In the expanse of desert, which encompasses the central La Guajira department, there are bridges, which lead nowhere. As one heads north from Uribia through cactus groves and dunes engulfing thatched huts, you enter the Carrisal desert, home to the subsistence farms of the Wayúu peoples.
With their herds of goats, unique oral traditions and tribal hierarchy based upon matriarchs, the Wayúu, call the harsh conditions of La Guajira home, even when rainfall, every month, rarely surpasses the single digits.
At the heart of these inhospitable surroundings of sand and endless horizons, bridges emerge, crossing imaginary rivers or others which have run dry. This ‘magic realism’ is man made though and not a manifestation of the imagination of a Nobel Laureate whose childhood was spent not far from the windswept Carrisal plains. Even though many underpasses and concrete bridges have crumbled due to erosion by wind, etchings of bygone political graffiti remain; and an allegory to decades of empty campaign promises.
Then, there is the climate. So far, 2014 has been one of the driest in decades, and a severe drought is now ravaging the region. While some towns in La Guajira haven’t seen a drop of rain in two years, the arrival of the El Niño’s weather system has sparked a food and health emergency in a department home to one of Colombia’s biggest employers, coal miners El Cerrejón.
As a joint venture between mining titans Anglo American, BHP Billton and Glencore, last year, El Cerrejón produced 33 million tonnes of coal, and is still projected to increase its output this year despite being forced to temporarily shut down operations in certain areas of the open-pit mine to reduce contamination during the drought.
Cerrejón’s president Roberto Junguito announced early August, that it would convert coal wagons into water transporters in order to move fresh drinking water to 157 indigenous communities within the mine’s operational area of influence. The coal company has also committed USD$ 1 million to drought relief in a department whose main source of water is the Ranchería River and which meanders its way northwards from the Sierra Nevada mountain range. Today, the Ranchería River is a trickle of its once mighty flow.
While one of the region’s largest employers has turned its attention to the drought, just months after its was struck by a bitter strike in March over labor issues and workers’ benefits, other Wayúu towns, removed from the influence of the open-pit mine, haven’t been so fortunate; facing the frightening prospect that if the drought should prolong itself, more people could be at risk.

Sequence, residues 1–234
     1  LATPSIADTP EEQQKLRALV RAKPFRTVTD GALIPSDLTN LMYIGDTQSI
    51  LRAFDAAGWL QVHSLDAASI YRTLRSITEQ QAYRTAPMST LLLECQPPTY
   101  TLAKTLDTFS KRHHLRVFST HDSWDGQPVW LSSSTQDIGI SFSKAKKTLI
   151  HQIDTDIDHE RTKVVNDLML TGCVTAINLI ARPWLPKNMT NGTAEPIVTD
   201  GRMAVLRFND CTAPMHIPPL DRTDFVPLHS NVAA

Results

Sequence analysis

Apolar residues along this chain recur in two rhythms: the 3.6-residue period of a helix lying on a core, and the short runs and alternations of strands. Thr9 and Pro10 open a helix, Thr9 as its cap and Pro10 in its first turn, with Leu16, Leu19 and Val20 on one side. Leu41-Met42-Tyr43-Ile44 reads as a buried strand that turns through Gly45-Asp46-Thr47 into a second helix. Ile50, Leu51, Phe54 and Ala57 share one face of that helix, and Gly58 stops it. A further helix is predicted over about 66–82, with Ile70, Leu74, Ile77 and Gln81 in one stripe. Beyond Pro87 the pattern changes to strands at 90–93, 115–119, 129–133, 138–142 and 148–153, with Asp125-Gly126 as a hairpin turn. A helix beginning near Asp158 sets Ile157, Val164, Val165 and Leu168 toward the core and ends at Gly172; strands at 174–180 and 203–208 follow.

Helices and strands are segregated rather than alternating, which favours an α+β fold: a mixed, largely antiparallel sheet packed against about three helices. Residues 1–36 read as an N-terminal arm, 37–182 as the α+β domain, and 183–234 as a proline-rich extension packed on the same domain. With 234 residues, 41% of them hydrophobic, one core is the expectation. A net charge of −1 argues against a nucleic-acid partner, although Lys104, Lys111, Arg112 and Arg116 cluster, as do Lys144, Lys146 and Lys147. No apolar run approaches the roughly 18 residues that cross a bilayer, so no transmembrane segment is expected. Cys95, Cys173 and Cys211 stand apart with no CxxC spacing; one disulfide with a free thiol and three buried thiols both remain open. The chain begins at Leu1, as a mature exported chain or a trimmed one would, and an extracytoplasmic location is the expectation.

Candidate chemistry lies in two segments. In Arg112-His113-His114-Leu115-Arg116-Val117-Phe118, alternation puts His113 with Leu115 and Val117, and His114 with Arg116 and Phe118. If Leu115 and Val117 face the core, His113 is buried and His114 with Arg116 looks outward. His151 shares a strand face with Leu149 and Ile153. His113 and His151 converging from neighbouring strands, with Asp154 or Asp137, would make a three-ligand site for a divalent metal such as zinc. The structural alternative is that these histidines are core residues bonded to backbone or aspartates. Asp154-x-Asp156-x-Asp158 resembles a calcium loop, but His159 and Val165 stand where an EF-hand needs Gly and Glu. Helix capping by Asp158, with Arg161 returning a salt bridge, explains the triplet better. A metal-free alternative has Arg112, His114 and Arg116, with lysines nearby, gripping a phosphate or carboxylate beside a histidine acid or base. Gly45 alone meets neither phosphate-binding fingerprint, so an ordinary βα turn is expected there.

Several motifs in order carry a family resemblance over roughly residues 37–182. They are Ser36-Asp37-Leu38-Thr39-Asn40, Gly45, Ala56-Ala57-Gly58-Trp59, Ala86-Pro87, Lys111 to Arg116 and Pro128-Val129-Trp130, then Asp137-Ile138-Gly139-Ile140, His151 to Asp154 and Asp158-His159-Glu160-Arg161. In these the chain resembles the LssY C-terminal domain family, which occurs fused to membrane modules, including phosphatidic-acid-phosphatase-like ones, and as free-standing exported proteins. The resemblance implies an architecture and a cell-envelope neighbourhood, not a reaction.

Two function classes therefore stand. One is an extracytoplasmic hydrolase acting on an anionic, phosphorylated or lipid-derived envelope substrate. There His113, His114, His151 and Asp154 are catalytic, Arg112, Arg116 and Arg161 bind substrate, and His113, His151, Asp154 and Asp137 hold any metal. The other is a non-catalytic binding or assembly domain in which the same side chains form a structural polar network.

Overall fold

A report in the national daily El Tiempo, stated that 35 out of every 100,000 children age 5 and under die in the Guajira from malnourishment. This, despite severe weather conditions, and a number, which surpasses all other departments in Colombia. A terrible indictment of the reality of a department given the hefty royalties it receives from coal exports.
As potentially one of the richest states in Colombia, La Guajira’s reality is one of poverty, isolation and rampant corruption. La Guajira’s former governor, Francisco ‘Kiko’Gómez was arrested May on charges of homicide and complicity with paramilitary groups terrorizing northern Colombia, and commandeered by one ‘Marquitos’ Figueroa. During the years Gómez ruled La Guajira with his clan of corrupt politicians, he received handsome royalties from the state, including USD$ 18 million to start La Guajira’s Food and Nutrition Plan (PAN). The money evaporated and after 18 months in power, Gómez left the department in financial ruin.
The department now hemorrhages money despite being at the epicenter of this country’s mineral riches, and neighboring the tar sands of oil rich Venezuela. La Guajira’s crisis, however, is deeply rooted in a past of lawlessness and smuggling. The department’s current governor José María Ballesteros (one of Gómez’s party faithful) is cousin of Colombia’s king of contraband, ‘Marlboro Man’ Samuel ‘Santa’ Lopesierra. An economist from South Illinois University, ‘Santa’ ran a money laundering empire rife with racketeering and cocaine smuggling from the early 1980s until he was extradited to the US in 2003. At the height of his smuggling enterprise, ‘Santa’ was carting into Colombia 200,000 packs of cigarettes and 400,000 bottles of whiskey every week. Contraband was so prolific during the 1990’s that entire “duty free” neighborhoods sprouted up across Colombia, known as ‘San Andresitos.’
Samuel’s younger brother, Carlos, recently returned to Colombia after also serving time in the U.S. prison for cocaine smuggling and was recently photographed embracing candidate Ballesteros.
Political paybacks and rampant corruption has halted the modernization of the department’s seven Caribbean deep-water ports, and extending basic sanitation services to the most needy and poor. Over the lack of “government support” the local population has called for a ‘civic strike.’ The general strike was announced just a week after President Juan Manuel Santos was sworn in for his second term. To quell an uprising, Mr Santos promised a new water pumping station for La Guajira, more technical support for cattle farmers, as well as USD $ 100 million for the department to tackle its food and water outages. But one can only hope that the funds allocated from the central government, won’t go to building more bridges in the desert.